An Un-Ordinary Day - Sept. 11, 2001
by Anthony Buccino
Along the Hudson River In Jersey City, N.J.
Writer, editor, author
Buccino's Work Has Appeared:
The Wall St Journal
Dow Jones Newswires
NJ.Com - NJ Voices
The Nutley Sun
The Belleville Times
The Independent Press of Bloomfield
The Glen Ridge Paper
The Nutley Journal
The Belleville Post
New Jersey Monthly
Modern Food Service Magazine
Paterson Literary Review, U.S. 1 Worksheets, Rattlesnake Review, Medusa's Kitchen, Voices In Italian Americana, Edison Literary Review, Journal of New Jersey Poets, CHEST, The Idiom, Fox Chase Review, Up & Under, Caduceus, South Mountain Poets Anthology, MEWS, LIPS, More Sweet Lemons, The Poem Factory, On The Quiet Side, PowWow Review and other places, too!
My office is directly across the Hudson River from the World Trade Center, about one mile due west. It's likely that when you were watching the fires burn on that awful day, if the camera angle had buildings under construction in the foreground (this side of the river) that camera was on our roof, one floor above us.
We used to have a monitor of that camera - it showed the ships and sailboats in New York Harbor.
That day, I was sitting at my desk when people began rushing to the opposite end of our floor, about one hundred yards east of where I sat, and looking at the building on fire.
We all thought it was a terrible accident. I hesitated, but then decided to record it and went downstairs to buy a throw-away camera. While I was in line at the CVS, someone came in and said a second plane had crashed. I picked up two more cameras.
When I got upstairs, the newsroom was buzzing, and everybody was looking out the window, then sitting back down to go to work.
When the first building fell, we were told to get out. It was shouted across the newsroom, above the din of TVs blaring and workers saying What's Going On? to each other.
My colleague Sharon opened the door and set the alarm buzzing. I was right behind her, keeping an even spacing. We rushed down eight flights of stairs not sure if we were just cutting class or it was the end of the world.
Once we got outside, we had no where to go. We crossed the driveway and stood around in the parking lot. Some people who drove in were getting in their cars and peeling out.
Otherwise, all the traffic had stopped. It was like a Twilight Zone episode. Everybody was standing around like a picnic without any food. We tried to remain calm, but who knew what to do?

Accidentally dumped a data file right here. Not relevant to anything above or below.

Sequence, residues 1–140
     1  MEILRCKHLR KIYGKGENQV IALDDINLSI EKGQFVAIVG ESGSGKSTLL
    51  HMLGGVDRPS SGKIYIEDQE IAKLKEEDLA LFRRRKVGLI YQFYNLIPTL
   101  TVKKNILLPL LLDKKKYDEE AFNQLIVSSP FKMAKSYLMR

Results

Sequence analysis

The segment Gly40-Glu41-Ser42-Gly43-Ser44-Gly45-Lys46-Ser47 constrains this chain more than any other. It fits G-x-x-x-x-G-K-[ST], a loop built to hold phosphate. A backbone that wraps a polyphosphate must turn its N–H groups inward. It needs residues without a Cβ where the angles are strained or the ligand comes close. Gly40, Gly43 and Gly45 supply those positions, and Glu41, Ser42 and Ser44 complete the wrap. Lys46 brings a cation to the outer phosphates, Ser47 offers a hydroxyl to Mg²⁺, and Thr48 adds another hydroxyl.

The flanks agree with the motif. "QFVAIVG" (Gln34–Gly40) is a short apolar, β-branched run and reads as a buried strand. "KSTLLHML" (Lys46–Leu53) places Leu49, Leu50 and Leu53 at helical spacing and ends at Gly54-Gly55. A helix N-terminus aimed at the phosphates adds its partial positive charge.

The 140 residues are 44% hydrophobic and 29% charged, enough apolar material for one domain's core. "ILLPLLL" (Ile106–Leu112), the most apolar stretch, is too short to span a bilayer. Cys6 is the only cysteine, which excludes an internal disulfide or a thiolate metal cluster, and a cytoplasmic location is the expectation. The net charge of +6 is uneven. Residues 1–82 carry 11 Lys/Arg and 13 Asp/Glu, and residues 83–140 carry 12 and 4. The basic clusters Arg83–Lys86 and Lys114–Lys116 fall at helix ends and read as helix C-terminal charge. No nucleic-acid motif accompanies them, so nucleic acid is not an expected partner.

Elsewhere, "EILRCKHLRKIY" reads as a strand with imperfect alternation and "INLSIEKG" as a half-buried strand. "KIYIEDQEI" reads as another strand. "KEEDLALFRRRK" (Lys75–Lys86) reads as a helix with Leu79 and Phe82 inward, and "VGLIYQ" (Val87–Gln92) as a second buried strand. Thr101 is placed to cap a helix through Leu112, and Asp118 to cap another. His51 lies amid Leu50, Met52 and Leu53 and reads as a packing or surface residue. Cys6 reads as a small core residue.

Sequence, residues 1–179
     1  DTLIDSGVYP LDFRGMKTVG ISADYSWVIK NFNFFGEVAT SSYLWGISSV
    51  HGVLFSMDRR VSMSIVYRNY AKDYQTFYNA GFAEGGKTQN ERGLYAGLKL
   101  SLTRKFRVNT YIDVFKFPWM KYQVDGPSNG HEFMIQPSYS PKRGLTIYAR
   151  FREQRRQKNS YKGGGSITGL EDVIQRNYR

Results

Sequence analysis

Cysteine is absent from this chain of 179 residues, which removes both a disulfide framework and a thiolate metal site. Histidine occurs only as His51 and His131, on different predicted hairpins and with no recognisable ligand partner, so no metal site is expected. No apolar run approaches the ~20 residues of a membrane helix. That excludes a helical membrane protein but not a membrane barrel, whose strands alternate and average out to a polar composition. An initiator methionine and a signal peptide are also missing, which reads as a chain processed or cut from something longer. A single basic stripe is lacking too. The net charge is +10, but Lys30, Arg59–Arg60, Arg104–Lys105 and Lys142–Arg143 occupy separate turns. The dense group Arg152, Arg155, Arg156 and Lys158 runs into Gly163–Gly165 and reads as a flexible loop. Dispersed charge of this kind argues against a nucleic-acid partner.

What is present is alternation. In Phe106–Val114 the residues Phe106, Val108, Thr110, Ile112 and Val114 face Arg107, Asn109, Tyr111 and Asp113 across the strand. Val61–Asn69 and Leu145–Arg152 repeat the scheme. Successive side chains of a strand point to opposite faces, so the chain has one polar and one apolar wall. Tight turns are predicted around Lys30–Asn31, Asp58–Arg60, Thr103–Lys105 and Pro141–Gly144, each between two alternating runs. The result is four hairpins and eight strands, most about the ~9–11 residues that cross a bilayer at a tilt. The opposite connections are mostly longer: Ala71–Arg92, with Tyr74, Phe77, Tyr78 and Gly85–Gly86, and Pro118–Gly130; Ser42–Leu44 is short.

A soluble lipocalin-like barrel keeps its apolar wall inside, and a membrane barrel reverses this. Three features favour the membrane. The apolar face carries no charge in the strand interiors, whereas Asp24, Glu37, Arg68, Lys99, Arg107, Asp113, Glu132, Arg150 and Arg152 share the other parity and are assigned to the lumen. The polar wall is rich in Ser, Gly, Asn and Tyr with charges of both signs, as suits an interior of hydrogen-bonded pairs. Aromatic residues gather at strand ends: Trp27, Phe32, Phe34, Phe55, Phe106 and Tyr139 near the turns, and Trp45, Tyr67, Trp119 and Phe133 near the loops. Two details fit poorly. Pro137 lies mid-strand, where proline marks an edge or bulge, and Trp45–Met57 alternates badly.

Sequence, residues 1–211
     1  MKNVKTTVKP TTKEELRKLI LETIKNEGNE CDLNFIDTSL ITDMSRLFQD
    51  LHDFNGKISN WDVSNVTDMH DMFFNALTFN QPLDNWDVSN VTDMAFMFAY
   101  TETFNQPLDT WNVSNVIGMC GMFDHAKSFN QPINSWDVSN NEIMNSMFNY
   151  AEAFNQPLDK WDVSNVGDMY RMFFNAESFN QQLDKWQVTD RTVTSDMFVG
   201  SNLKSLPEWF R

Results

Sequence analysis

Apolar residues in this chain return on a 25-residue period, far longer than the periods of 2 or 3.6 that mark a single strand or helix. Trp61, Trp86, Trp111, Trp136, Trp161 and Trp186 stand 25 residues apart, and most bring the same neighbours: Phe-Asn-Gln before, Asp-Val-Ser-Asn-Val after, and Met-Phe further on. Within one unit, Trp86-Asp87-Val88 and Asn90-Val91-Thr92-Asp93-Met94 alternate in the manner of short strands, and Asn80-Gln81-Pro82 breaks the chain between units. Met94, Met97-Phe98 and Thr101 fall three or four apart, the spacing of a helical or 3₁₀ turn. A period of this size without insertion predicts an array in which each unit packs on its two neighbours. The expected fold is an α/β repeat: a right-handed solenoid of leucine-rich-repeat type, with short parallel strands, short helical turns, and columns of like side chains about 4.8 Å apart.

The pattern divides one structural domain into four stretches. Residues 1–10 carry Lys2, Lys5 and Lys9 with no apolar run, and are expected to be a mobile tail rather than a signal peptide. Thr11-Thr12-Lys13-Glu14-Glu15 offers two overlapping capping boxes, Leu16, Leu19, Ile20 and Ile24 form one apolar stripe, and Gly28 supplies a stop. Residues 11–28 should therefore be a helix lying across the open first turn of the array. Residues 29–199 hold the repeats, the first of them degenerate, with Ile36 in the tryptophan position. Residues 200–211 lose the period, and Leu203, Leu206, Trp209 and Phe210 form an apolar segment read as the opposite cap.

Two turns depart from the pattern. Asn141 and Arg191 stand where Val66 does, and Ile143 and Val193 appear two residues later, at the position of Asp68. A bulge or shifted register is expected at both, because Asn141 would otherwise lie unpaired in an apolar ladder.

The few people who drove in were heading home. After the parking lot cleared up, the only cars you saw were cop cars. They were racing up and down the avenue but it was hard to tell what they were actually doing.
I was standing in our building's driveway watching the second tower burn when it fell.
I ended up wandering around Jersey City from about 10-ish until I caught a bus out at sometime after 2 in the afternoon.
Before I got on the bus to get home, the only aircraft we saw in the sky were our fighter jets.
Meanwhile, I saw them, the rescue workers from every which way they could get into the city, setting up the triage next to my building, where the ferry docks and the folks were coming over across the water from the WTC in any boat they could get aboard.
When things go wrong, like I'm laid off twice in the same year, or stuff like that, I try to look on the positive side. It's not always easy and it's not always quick. But things have a way of working out to someone's plan.
It's just that we don't usually know what the plan is. It all comes down to You Are Where You Are and That's Why. Case closed.
Sure, it was tough getting laid off twice in the same year... but it led me to apply for a job (and get it) that had I been working, I would never have tried for.
That job was here in Harborside across the river from Ground Zero. And having started in Sept. 99, I had time to get accustomed to the area. And spent nearly two years observing the view. And without knowing it or planning it, I recorded a time that will not be again.
Amid colleagues and strangers, I stood in our Harborside driveway watching the second tower burning when it came down.
My company didn't lose any of our employees, even though our Wall St. Journal offices are (were) directly across the street. (A month ago, I worked there for two days.) But we did have staffers who saw the people jumping from the building.